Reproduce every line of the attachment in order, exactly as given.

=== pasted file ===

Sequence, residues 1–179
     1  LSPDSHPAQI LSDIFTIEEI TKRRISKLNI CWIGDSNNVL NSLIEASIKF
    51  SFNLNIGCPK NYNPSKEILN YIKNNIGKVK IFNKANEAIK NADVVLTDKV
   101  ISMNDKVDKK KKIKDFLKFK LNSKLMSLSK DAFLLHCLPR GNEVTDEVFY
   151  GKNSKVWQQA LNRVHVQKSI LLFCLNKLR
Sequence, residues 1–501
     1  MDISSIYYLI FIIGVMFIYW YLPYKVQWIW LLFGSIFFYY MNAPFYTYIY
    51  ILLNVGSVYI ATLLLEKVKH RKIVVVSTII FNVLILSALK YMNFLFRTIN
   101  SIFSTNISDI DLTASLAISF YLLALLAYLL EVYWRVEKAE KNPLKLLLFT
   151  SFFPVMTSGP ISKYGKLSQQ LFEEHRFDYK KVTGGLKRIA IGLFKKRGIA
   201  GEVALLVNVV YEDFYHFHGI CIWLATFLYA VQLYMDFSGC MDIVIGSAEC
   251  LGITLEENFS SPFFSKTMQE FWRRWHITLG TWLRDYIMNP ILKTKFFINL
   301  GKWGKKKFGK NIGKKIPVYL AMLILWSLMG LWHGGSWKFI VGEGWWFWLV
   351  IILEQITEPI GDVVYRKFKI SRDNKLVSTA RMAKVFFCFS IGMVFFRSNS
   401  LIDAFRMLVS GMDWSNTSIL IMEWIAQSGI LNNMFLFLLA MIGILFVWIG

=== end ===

Sequence, residues 1–179
     1  LSPDSHPAQI LSDIFTIEEI TKRRISKLNI CWIGDSNNVL NSLIEASIKF
    51  SFNLNIGCPK NYNPSKEILN YIKNNIGKVK IFNKANEAIK NADVVLTDKV
   101  ISMNDKVDKK KKIKDFLKFK LNSKLMSLSK DAFLLHCLPR GNEVTDEVFY
   151  GKNSKVWQQA LNRVHVQKSI LLFCLNKLR
Sequence, residues 1–501
     1  MDISSIYYLI FIIGVMFIYW YLPYKVQWIW LLFGSIFFYY MNAPFYTYIY
    51  ILLNVGSVYI ATLLLEKVKH RKIVVVSTII FNVLILSALK YMNFLFRTIN
   101  SIFSTNISDI DLTASLAISF YLLALLAYLL EVYWRVEKAE KNPLKLLLFT
   151  SFFPVMTSGP ISKYGKLSQQ LFEEHRFDYK KVTGGLKRIA IGLFKKRGIA
   201  GEVALLVNVV YEDFYHFHGI CIWLATFLYA VQLYMDFSGC MDIVIGSAEC
   251  LGITLEENFS SPFFSKTMQE FWRRWHITLG TWLRDYIMNP ILKTKFFINL
   301  GKWGKKKFGK NIGKKIPVYL AMLILWSLMG LWHGGSWKFI VGEGWWFWLV
   351  IILEQITEPI GDVVYRKFKI SRDNKLVSTA RMAKVFFCFS IGMVFFRSNS
   401  LIDAFRMLVS GMDWSNTSIL IMEWIAQSGI LNNMFLFLLA MIGILFVWIG